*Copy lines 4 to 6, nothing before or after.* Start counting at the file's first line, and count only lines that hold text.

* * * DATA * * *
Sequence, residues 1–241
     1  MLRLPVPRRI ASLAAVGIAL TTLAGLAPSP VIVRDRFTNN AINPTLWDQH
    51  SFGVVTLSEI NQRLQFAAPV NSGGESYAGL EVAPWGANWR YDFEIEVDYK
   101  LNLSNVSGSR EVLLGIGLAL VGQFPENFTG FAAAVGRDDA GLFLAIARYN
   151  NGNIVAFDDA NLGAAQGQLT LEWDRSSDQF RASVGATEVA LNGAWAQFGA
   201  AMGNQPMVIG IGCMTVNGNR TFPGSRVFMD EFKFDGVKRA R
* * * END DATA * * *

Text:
   101  LNLSNVSGSR EVLLGIGLAL VGQFPENFTG FAAAVGRDDA GLFLAIARYN
   151  NGNIVAFDDA NLGAAQGQLT LEWDRSSDQF RASVGATEVA LNGAWAQFGA
   201  AMGNQPMVIG IGCMTVNGNR TFPGSRVFMD EFKFDGVKRA R